Arendt’s sarcasm only allows her to dive so deep into Eichmann as an individual because his loneliness was a serious, not sarcastic matter. Arendt seems to make fun of Eichmann for his refusal to think but does not fully acknowledge that his thoughts were preoccupied with his loneliness. Arendt claims that Eichmann was unable to be evil because he was brainless, but this sarcasm does not allow her to tie in his loneliness. Had she taken a more serious tone, perhaps she might have noted that Eichmann was not evil because he was so focused on loneliness, and this is what caused him to give up thinking. Stonebridge, unlike Arendt, takes the analysis of loneliness more seriously. She writes “loneliness prepares men for totalitarian domination” and because he was so desperate to belong, Eichmann gave up thinking to do so (Stonebridge 2).
Conclusion: Campaigning to End Loneliness
Finally, it would be wise to explore Eichmann’s admission that he was not made to forge his own path but rather that which was laid down by others. He was a follower, always had been, and this is precisely what made him dangerous. When questioned about his plans after the death of Hitler, Eichmann admitted that he had no idea. “I,” he told interviewers, “sensed [that] I would have to live a leaderless and difficult individual life, I would receive no directives from anybody” (Arendt 32). This statement was a direct declaration that Eichmann was nothing without leadership. “Without being a member of something” Eichmann would not have known what do do with himself, because the meaning he found in life came from carrying out the ideas of others rather than creating his own (Arendt 32). Joining the SS gave Eichmann purpose, and by implying that no one else would provide him further orders, it can be seen how lonely Eichmann truly was. Eichmann, as he stated, belonged to a group; he was not alone, and perhaps this is why he “had been very eager” to do as he was told (Arendt 24). This followership nature made Eichmann dangerous because as a follower he had incentive and purpose. As an individual Eichmann would have been an unlikely danger because if he was lost, he most likely would have done nothing. This shows that Eichmann did not long for evil, but his loneliness and desire to belong made him dangerous nonetheless.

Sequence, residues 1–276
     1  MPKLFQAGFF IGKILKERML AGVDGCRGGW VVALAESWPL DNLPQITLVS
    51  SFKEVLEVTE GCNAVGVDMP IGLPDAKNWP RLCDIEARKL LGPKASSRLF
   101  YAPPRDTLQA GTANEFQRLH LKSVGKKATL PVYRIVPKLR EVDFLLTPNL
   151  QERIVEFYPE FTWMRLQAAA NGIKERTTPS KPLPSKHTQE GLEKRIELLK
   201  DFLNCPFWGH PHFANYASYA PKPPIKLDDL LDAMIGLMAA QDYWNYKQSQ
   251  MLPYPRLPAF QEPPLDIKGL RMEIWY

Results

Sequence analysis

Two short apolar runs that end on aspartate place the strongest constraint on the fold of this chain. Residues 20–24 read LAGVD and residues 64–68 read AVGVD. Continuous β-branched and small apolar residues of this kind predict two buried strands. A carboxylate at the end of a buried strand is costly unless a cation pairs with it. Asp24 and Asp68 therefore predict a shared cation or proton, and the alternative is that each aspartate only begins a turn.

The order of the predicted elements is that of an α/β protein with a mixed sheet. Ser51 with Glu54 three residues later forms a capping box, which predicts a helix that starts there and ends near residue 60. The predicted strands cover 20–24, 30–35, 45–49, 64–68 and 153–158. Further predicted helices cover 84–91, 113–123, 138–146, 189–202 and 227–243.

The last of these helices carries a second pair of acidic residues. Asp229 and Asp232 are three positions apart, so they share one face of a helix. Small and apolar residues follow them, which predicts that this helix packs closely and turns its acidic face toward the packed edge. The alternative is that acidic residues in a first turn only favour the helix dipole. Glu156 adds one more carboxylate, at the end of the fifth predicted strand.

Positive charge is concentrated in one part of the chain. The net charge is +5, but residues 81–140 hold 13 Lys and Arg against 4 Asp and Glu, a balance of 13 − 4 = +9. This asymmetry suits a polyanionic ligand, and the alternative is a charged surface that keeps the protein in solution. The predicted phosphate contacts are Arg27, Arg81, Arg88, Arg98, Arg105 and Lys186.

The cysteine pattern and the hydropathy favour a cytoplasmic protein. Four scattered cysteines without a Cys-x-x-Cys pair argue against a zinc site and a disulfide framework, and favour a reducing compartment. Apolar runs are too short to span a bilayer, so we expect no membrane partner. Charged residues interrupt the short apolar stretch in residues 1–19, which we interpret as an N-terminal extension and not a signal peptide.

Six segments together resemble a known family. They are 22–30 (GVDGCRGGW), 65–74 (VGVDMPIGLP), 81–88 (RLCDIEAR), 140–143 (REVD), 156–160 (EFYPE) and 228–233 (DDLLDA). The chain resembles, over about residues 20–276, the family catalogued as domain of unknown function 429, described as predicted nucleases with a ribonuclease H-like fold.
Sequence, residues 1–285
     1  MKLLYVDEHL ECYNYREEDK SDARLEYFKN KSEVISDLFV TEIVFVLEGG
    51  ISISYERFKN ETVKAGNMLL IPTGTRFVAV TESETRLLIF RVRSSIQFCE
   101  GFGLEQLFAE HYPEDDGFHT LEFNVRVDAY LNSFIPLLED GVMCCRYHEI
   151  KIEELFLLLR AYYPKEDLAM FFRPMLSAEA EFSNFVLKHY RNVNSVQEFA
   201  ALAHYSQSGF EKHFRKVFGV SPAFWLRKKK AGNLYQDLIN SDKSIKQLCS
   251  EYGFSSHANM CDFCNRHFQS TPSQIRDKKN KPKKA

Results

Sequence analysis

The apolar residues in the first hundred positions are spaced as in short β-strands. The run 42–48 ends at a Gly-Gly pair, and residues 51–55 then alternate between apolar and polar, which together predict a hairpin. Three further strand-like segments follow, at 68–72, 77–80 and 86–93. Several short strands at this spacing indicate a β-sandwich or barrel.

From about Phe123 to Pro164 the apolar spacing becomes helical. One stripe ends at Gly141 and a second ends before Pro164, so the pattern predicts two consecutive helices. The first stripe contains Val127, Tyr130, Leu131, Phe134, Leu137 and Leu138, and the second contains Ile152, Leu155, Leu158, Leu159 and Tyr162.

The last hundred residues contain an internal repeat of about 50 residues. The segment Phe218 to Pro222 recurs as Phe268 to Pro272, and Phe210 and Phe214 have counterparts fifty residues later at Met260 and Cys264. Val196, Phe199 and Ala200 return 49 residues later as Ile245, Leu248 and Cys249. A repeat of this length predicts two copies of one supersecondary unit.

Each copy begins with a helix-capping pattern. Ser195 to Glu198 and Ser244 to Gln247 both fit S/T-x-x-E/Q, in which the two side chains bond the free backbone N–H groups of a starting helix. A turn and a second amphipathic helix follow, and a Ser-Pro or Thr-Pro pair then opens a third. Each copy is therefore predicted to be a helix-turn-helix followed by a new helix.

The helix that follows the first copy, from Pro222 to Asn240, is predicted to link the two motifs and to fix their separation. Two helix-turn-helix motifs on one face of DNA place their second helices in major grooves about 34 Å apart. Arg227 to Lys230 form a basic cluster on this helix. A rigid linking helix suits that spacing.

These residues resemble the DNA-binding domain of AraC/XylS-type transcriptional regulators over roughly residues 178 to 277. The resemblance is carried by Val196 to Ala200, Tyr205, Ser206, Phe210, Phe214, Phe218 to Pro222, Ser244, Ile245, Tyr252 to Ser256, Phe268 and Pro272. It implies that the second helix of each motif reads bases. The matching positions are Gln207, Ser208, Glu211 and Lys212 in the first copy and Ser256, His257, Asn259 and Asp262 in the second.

After breaking the psychological norms and seeking out human interaction Eichmann’s eagerness allowed him to “for the first time in his life, [discover] in himself some special qualities” (Arendt 45). If for once in his life Eichmann had a positive reaction to human interaction, why would he leave? He had finally found somewhere that accepted him, and his loneliness was combated. The only sacrifice was giving up his right to think. A small price to pay, in Eichmann’s opinion, considering he held the position for the latter part of a decade. Eichmann only became dangerous as a result of his sacrifice. So desperate was he to remain in his position that he would have done absolutely anything had he been ordered to, including murdering “his own father” (Arendt 22). Eichmann’s crisis of loneliness was not limited to his time period. More and more people today are reporting the hollow hole of loneliness. According to statistics presented in Khazan’s article “the threat [of loneliness] is considered so serious that England has created an entire ‘“Campaign to End Loneliness.”’ If Eichmann’s loneliness drove him to commit his atrocious acts, how does loneliness affect the modern population? Perhaps if we work to reduce the number of lonely individuals, the level of hate crimes and other injustices will reduce as well.
Butler, Judith. “Hannah Arendt’s Challenge to Adolf Eichmann” The Guardian, 29 Aug. 2011, http://www.theguardian.com/commentisfree/2011/aug/29/hannah-arendt-adolf-eichmann-banality-of-evil. Accessed 28 Apr. 2019.
“Holocaust Timeline: Adolf Eichmann.” The History Place, 1997, http://www.historyplace.com/worldwar2/holocaust/h-eichmann.htm. Accessed 10 May 2019.
Khazan, Olga. “How Loneliness Begets Loneliness.” The Atlantic, 6 Apr. 2017, http://www.theatlantic.com/health/archive/2017/04/how-loneliness-begets-loneliness/521841/. Accessed 26 Apr. 2019.
Offermann, Lynn. “When Followers Become Toxic” Harvard Business Review, 1 Aug. 2019,http://www.hbr.org/2004/01/when-followers-become-toxic. Accessed 28 Apr. 2019.
Tippett, Krista. “Lyndsey Stonebridge The Moral World in Dark Times: Hannah Arendt for Now.” The On Being Project, 21 June 2018, onbeing.org/programs/lyndsey-stonebridge-the-moral-world-in-dark-times-hannah-arendt-for-now-jun2018/. Accessed 26 Apr. 2019.